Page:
What to Do with Kid Clutter

"I’m getting better at decluttering my own possessions, but I still have a lot of trouble dealing with the kids’ things – not only toys, but clothes, artwork, and even cards and mail they receive", says Cathleen.

Kid clutter can be difficult because it can seem sentimental. The funny thing is, many times it is parents thinking they "should" want to keep everything their kids ever made or ever got. They don’t want the stuff. The kids don’t want the stuff. "But will it make me a bad parent if I don’t want that clump of plaster called ice monster in snow?" Hanging onto things you don’t want will just teach the kids that they need to hang on to stuff.

Let’s start with toys


Most kids have way too many toys. Imagine going into a room piled high with something with things strewn all around. It’s overwhelming. They don’t know what to play with so they go to something easy like a gameboy or the TV.

We need to stop buying them so many toys and have a chat with Grandma. The kids don’t beg that long for the latest toy. They get mesmerized by the next greatest toy. You can outlast them. They will respect their belongings more if they have less as well.

If they are bored by their toys you can either declutter them, pass them on to a friend, or box them for a month or two and see if the kids like them when they come back out.

How do you tell which toys to declutter?  If they don’t play with it there is no reason to keep it. No matter how much you originally paid for it. No matter if you think it’s cute. No matter if it you think it might be worth something some day. Once you save more than a few toys for sentimental purposes, you are just collecting junk.

Once you have decluttered, stand by the 1 in 1 out rule. If they get a new stuffed animal, ask them to bring down one they don’t like anymore. If their bookshelf is full, when they get a new book they have to bring you an old book. Before they can put the new one on the shelf. If they keep that habit up in adulthood, think how much more serene their houses will be.

Letting go of clothes


If you aren’t planning on having any more kids, you can let go of all the old clothes except for a few handmade or precious items. Personally I don’t have any of their old clothes, just some handmade blankets. The cute outfits went on to make other kids happy. If I want to see my favorite outfits I can look at the photo albums of the kids wearing them.

If you need to keep different sizes of clothes, make sure they are sorted. If they aren’t sorted, they are clutter because you won’t be able to find the size you need when you need them.

We have a bag that my kids put clothes that no longer fit so we can take them to goodwill. (Yet another reason not to spends loads of money on clothes they will just outgrow.)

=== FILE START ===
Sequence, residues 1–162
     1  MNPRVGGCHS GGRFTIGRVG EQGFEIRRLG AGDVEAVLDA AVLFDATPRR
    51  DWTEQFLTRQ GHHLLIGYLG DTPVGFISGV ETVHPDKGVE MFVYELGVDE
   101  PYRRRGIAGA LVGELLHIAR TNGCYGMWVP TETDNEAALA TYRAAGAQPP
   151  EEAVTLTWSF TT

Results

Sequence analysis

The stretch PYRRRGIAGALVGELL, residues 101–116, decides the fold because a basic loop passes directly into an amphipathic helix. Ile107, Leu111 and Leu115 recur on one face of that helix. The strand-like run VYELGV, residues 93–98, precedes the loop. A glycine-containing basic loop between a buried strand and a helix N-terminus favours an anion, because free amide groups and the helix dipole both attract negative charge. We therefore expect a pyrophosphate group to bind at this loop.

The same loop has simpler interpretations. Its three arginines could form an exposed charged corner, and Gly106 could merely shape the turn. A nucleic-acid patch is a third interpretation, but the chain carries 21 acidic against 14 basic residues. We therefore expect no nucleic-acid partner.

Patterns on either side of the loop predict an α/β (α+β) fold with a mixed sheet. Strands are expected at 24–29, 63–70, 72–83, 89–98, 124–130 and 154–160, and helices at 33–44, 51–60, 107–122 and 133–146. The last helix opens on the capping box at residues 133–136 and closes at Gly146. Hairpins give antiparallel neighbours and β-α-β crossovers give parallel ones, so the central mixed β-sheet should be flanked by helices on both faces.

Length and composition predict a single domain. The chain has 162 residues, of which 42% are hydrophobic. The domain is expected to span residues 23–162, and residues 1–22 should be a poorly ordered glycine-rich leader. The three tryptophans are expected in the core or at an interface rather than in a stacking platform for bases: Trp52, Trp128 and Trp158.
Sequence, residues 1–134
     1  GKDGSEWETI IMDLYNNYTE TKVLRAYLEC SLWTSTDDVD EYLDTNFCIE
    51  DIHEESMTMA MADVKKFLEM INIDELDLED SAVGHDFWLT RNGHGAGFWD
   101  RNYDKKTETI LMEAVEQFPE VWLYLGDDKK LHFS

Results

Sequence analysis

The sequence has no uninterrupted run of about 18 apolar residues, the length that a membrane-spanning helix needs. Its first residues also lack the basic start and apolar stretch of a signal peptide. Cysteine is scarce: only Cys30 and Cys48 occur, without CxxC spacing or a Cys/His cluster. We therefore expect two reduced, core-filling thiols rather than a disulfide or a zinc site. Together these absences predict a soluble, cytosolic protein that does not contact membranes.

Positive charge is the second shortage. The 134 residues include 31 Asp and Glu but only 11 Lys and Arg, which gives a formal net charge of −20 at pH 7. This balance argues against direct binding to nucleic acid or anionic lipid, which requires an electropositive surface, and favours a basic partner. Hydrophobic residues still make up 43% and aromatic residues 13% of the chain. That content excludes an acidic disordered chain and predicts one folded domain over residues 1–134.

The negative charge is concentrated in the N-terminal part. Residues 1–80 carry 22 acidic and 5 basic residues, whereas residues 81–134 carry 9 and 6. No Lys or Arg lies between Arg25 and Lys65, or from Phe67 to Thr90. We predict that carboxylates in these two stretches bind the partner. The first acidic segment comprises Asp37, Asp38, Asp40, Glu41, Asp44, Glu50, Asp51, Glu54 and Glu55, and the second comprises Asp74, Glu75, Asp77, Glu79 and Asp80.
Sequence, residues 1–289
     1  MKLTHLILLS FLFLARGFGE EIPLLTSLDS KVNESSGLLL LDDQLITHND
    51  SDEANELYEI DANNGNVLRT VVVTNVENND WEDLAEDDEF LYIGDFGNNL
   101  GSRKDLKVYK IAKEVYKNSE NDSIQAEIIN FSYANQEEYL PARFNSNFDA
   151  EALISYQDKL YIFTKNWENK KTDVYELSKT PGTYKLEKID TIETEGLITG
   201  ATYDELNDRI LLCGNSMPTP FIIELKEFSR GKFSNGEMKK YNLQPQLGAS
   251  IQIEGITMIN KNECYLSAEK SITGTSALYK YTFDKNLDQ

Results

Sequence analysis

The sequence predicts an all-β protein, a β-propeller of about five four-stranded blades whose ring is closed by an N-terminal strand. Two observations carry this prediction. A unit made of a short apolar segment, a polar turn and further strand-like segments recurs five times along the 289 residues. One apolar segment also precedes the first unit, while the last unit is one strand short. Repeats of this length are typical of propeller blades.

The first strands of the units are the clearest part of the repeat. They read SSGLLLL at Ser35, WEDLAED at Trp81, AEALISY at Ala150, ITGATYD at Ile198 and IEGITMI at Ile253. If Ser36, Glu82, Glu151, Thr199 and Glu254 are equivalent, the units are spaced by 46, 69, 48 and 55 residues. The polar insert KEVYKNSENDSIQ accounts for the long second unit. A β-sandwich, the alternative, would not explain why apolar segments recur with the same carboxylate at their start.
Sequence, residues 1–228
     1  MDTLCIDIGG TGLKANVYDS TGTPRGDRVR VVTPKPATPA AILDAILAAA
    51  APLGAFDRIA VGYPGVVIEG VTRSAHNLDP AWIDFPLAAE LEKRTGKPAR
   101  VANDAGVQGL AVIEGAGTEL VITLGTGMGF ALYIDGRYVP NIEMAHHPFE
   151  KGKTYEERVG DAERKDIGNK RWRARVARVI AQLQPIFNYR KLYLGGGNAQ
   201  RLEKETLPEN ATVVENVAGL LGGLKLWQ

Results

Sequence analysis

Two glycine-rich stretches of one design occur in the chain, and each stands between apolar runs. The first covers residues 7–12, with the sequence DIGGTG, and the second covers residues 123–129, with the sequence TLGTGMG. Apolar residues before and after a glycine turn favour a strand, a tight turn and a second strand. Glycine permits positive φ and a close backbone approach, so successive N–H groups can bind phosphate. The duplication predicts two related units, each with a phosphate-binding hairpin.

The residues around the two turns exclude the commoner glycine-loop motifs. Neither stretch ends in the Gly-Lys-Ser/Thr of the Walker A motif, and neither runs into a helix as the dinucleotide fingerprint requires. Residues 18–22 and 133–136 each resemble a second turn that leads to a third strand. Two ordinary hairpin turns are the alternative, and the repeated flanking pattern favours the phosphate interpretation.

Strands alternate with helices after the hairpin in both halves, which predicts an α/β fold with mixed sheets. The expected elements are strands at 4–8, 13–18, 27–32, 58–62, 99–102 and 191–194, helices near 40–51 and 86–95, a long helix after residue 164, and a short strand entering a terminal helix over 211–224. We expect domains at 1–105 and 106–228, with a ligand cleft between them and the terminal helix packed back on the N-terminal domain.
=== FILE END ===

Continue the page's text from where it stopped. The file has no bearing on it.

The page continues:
Artwork galore


This is the trickiest one for most of us. I have a closet door in my office covered with my daughter’s artwork. She is very prolific. She is taking art even at the high school so I am sure we will get even more.

I find she likes to take down the old artwork that she thinks is too childish and replace it with newer artwork. The old artwork can either go to grandparents or we pitch it. I keep a few that I connect with in one long box for her artwork. Her ceramics are around the house. Encouraging creativity is more important to me than having a magazine perfect home with only bought knicknacks.

But, don’t feel you need to keep everything. Decide on the amount you can keep – one box, door, wall, album and then when it gets full toss or give away some of the artwork. You can scan artwork into the computer to keep digital version which take up much less space.


You don’t want to confuse what is meaningful to you and what is meaningful to your kids. You don’t want to burden them with boxes of memorabilia you saved for them to take when they move out. (More likely they will keep the boxes with you. Forever.) Each of my kids have one box that we decorated together for their memorabilia. Cards they want to save, letters, notes, various found items can go in that box that is under their bed. If they decide they don’t want to keep something that I think is important or sentimental I will keep it. But, I only have file folders for that so I can’t keep too much.

You can create a scrapbook with their certificates and important papers. (Just put one per page. You don’t need to make it difficult.) Things they are proud of like medals or trophies can go on a shelf in the family room or in their bedroom. If you don’t have the room, let go of the participation medals and trophies. You probably have pictures of them doing the activity.

Enjoy your kids at whatever age they are right now.

You want your kids to be able to live their lives free from clutter, so instill those skills in them now.

Photo credits: John Morgan, Joe Schlabotnik, Children’s book review,